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The Association, known as the Associated Catholic Colleges of Melbourne, grew out of earlier organisations that provided boys’ colleges with formal and informal meetings for inter-College sport competitions. The earliest recorded mention of such meetings dates back to 1898 when CBC St Kilda met Wesley College and Parade encountered Melbourne Grammar in their annual football and cricket matches. Competition among Catholic Colleges grew out of the St Patrick’s Day Sports. It is hard to establish which came first, the St Patrick’s Day Procession or the St Patrick’s Day Sports.

 Around 1906 the Procession was firmly established as an important official function and the custom was to have a gymkhana picnic sports day at its completion. The competition, open to all Catholic Colleges, country as well as metropolitan, was limited to athletics. All trophies, including the Archbishop’s Shield, were provided by the Archbishop of Melbourne.

In the early years of the century an organisation called the Secondary Colleges Competition included eight teams for football and cricket from the following Catholic and non-Catholic colleges: C.B.C North Melbourne, CBC St Kilda, St Vincent’s College South Melbourne, Carlton College, Caulfield Grammar, Brighton Grammar, Assumption College Kilmore, and an unknown College, possibly Stotts Business College. This 
association ended in 1909.

To replace the Secondary Colleges Competition a group of six Brothers’ Colleges established the Secondary Teams Association on April 2, 1909, and started competing in 1910. The names of these Colleges remain unknown. At the time football and cricket were the only sports offered. It was not until 1914 that regular matches (fixtures) were drawn up. Athletics was still provided by the St Patrick’s Day sports until the early 1930s.

The Secondary Teams Association later emerged as the Metropolitan Catholic Colleges. It offered competition in football, cricket, and swimming. Thus was formed an association of Catholic boys’ colleges in the city of Melbourne as distinct from a Catholic country sporting organisation.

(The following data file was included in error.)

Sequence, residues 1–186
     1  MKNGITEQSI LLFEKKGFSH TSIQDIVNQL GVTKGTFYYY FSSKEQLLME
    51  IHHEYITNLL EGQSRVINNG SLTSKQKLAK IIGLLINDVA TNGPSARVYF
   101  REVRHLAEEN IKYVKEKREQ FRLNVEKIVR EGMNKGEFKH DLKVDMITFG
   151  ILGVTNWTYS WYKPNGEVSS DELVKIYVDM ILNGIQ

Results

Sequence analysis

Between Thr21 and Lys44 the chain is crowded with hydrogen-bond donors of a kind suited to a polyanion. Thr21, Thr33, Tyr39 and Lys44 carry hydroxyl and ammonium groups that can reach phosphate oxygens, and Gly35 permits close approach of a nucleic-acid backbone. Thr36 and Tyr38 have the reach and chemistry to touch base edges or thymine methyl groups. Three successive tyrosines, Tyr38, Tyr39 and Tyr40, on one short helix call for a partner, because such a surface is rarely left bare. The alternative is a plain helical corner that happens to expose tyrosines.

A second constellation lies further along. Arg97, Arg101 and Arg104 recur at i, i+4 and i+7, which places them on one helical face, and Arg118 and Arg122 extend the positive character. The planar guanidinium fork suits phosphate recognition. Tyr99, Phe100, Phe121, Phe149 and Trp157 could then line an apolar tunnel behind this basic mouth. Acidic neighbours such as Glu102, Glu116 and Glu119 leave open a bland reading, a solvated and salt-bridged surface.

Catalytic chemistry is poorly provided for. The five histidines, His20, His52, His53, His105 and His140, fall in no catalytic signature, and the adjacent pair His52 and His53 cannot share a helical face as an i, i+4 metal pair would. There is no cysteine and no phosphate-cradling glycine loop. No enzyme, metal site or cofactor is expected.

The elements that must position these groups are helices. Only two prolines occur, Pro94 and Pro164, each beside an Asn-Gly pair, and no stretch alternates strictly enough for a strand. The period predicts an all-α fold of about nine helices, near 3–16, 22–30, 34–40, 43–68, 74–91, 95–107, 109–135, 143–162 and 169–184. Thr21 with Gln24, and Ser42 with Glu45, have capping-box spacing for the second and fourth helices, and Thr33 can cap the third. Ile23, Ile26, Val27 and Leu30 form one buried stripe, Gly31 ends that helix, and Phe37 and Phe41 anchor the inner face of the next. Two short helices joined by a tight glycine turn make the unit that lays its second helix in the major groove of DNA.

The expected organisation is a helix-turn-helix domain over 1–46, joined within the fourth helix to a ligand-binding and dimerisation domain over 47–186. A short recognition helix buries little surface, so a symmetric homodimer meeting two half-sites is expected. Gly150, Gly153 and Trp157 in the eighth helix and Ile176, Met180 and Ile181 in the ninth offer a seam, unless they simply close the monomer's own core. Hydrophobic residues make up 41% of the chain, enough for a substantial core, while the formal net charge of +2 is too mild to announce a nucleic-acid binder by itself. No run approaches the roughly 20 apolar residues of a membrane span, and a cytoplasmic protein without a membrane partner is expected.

First Period: Establishment… 1951-1956

The Associated Catholic Colleges came into being in June, 1948. The founding members were seven Brothers’ Colleges of Melbourne: CBC Parade, CBC St Kilda, CBC North Melbourne, CBC Essendon, CBC Toorak, De La Salle Malvern and St Bede’s Mentone. The first president, Br. Peter, Principal of De La Salle College Malvern, presented the Premiership Cup for football to Parade College, the winner of the first official ACC competition.

The new association, restricted to city and suburban Catholic colleges, proposed to offer its members cultural and sporting activities. It also provided Principals with an opportunity to discuss matters affecting the affiliated colleges. Cultural activities among ACC Colleges were never really developed. The sporting activities, however, from the original football, cricket and swimming, came to include athletics, cross-country, hockey, soccer, tennis and basketball. From time to time other sports, such as handball, have been played.

The general management of the association is placed in the hands of the Principals who meet at least three times a year. The practical organisation of ACC sport competitions is the responsibility of the Sporting Activities Committee which groups the Sports Co-ordinators of the member colleges under the chairmanship of one of the Principals. A secretary and an assistant secretary, appointed by the Principals, plan and co-ordinate the business of the Sporting Activities Committee.

Second Period: Consolidation… 1957-1984

The first twelve years of the association were followed by a period of expansion. St Kevin’s, Toorak left the ACC, but the following colleges increased the membership to ten: St Joseph’s Marist Brothers College, North Fitzroy (1958), Salesian College, Chadstone in I966, St John’s College, Braybrook (1970), and St Paul s College, Altona North (1978).

In 1979 St John’s College became a Junior Secondary College; Chisholm College was formed to cater for co-educational senior secondary classes. Both Colleges constituted one member in the ACC. St Joseph’s College, North Fitzroy, left the association in 1978 and Salesian College, Chadstone, withdrew at the end of 1983.